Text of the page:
The California Senate approved another moderate reform rooted in evidence-based policy and sensible cost-effective approaches to criminal justice.
Specifically, Senate Bill 1393, the Fair and Just Sentencing Reform Act, would eliminate automatic penalties that have contributed to the state’s mass incarceration crisis and failed ‘tough on crime’ policies by returning discretion in sentencing of serious felonies to judges.
If signed into law, SB 1393 would apply to mandatory five-year sentence enhancements. It is one of five bills in the #EquityAndJustice2018 package carried jointly by Sens. Holly J. Mitchell and Ricardo Lara as follow-up measures to last year’s successful reforms.
“Mass incarceration is a massive moral failure and policy failure,” Mitchell said. “It’s a moral failure because we now know that it is injurious to families and to the economies of low-income communities. We all value, respect and want communities that are safe. This will help us move in a strategic, smart way to help an overburdened, high-cost, criminal justice system.”
“Harsh penalties and growing jail populations have failed to reduce crime, but they have had a devastating impact on a generation of young black and Latino men,” Lara said. “Incarcerating someone for extra years without regard for the facts of their case does not serve the interest of justice or rehabilitation.”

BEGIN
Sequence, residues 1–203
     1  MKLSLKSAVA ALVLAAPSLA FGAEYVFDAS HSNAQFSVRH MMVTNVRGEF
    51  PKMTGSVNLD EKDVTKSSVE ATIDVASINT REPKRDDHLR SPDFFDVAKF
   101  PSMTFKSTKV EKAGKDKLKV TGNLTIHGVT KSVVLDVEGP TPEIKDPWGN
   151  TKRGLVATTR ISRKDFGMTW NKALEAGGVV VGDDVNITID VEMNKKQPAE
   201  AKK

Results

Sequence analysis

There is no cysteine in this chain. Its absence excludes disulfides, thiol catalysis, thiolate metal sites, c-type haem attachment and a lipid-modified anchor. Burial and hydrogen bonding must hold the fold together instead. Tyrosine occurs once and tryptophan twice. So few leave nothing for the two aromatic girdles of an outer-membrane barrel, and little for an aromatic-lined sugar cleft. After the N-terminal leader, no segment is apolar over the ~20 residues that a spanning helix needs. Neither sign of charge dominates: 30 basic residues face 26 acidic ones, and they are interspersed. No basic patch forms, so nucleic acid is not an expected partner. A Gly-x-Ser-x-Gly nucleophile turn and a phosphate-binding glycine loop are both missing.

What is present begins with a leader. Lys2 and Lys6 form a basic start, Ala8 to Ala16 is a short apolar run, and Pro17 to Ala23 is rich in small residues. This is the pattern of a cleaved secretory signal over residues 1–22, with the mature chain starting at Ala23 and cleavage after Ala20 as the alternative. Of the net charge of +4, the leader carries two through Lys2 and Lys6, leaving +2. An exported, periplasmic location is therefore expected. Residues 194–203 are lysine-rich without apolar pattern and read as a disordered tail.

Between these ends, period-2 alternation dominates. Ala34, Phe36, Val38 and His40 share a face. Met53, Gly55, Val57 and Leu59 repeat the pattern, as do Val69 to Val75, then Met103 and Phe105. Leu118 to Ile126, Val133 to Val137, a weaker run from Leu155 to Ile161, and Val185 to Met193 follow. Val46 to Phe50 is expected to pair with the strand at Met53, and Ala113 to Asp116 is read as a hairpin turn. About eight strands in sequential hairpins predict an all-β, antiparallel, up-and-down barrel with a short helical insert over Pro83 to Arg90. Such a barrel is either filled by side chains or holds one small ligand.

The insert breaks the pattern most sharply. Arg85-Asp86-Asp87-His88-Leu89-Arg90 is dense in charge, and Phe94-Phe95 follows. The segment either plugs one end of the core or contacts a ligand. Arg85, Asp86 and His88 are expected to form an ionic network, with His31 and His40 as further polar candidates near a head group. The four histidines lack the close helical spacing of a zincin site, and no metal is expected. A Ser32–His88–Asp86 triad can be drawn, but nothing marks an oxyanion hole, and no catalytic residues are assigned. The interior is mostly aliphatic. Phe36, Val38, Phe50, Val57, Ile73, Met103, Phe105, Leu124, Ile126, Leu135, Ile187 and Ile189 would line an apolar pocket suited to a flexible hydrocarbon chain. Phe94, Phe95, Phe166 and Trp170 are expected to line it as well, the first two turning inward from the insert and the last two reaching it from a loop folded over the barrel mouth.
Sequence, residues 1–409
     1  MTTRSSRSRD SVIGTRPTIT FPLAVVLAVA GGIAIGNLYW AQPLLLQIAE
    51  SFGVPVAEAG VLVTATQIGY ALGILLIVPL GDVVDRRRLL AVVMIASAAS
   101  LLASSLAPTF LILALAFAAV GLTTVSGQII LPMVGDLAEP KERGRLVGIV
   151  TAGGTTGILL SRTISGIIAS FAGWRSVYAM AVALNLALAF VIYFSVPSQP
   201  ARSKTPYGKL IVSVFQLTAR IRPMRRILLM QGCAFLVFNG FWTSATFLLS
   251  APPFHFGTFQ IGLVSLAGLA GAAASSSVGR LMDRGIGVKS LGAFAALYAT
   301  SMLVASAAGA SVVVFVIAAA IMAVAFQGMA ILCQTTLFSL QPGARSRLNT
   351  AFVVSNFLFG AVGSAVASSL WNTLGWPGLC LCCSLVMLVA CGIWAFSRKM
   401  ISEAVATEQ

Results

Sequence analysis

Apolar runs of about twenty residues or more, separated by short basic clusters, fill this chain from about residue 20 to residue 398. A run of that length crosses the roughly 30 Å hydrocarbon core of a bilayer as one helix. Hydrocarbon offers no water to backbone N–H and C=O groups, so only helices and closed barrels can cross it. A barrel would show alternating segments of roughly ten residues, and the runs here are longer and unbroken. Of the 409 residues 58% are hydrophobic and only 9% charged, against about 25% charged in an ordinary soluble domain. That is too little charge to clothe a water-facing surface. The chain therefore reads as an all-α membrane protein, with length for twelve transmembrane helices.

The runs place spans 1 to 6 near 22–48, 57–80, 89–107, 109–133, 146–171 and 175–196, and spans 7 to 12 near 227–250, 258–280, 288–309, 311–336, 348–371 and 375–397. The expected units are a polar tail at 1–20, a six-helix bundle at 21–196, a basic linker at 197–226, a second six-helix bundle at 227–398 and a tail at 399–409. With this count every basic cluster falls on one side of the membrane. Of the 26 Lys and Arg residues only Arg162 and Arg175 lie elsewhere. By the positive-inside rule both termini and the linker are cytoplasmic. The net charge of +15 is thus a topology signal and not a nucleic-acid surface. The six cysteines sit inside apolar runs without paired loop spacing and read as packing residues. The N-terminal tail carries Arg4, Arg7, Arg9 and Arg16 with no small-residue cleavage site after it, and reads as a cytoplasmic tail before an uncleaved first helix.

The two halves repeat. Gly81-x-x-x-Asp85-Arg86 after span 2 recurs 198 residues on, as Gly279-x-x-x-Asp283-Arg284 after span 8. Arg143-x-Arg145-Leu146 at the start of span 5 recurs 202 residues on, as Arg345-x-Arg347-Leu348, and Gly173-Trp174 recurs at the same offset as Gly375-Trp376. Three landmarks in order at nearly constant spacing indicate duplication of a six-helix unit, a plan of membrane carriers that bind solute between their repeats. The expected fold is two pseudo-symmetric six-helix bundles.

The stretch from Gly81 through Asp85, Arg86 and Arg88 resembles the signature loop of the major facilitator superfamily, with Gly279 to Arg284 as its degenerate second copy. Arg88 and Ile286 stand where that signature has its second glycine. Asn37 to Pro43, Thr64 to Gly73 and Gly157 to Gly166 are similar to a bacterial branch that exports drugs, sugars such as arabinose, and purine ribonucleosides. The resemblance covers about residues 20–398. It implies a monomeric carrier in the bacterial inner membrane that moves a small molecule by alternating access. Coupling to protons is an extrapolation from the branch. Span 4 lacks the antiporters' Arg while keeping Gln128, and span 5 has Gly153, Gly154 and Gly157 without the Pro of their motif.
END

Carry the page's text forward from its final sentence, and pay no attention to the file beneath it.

As written, SB 1393 would restore the court’s discretion to strike sentence enhancements for prior felony convictions when a person is charged with a serious felony. It would retain existing sanctions for the most serious crimes.
The measure has been endorsed by at least a dozen newspapers statewide, including the Orange County Register and Los Angeles Daily News.
It is sponsored by 10 community and public-interest groups, including the ACLU of California Center for Advocacy and Policy; the Coalition for Humane Immigrant Rights Los Angeles; the California Coalition for Women Prisoners; Californians United for a Responsible Budget; the Drug Policy Alliance; the Women’s Foundation of California; and the Institute for Women’s Policy Research.
Letters of support have also been received from at least 60 persons and organizations, including the office of Los Angeles Mayor Eric Garcetti; the Greenlining Institute; San Francisco Public Defender Jeff Adachi; and the Western Center on Law and Poverty.
The remaining bills in this year’s #EquityAndJustice2018 package by the Los Angeles-area Democrats are:
SB 439 – Minimum Age Incarceration
This juvenile justice-reform measure would exclude children age 11 and younger from juvenile court jurisdiction and would promote the rights, health and well-being of the child by curbing premature exposure to incarceration. Status: Awaiting review by the Assembly Public Safety Committee.
SB 1050 – Services for exonerated people
This would provide services and support for exonerated people after prison, including healthcare, work training and updating exoneree records to reflect their wrongful convictions. Status: Approved 38-0 by the Senate and now awaiting review by the Assembly Public Safety Committee.
SB 1391 – Justice for children under age 16
Ensures that youth ages 14 and 15 who commit crimes get the services and help they need by prohibiting them from being tried as adults and keeping them in the juvenile justice system. Status: Awaiting review by Senate Appropriations Committee.
SB 1392 – One-Year Repeal
This proposal would repeal the 1-year sentence enhancement for felony convictions Status: Waiting to be taken up by the Senate.
SB 1393 will next be heard by the Assembly Public Safety Committee; no date has yet been set.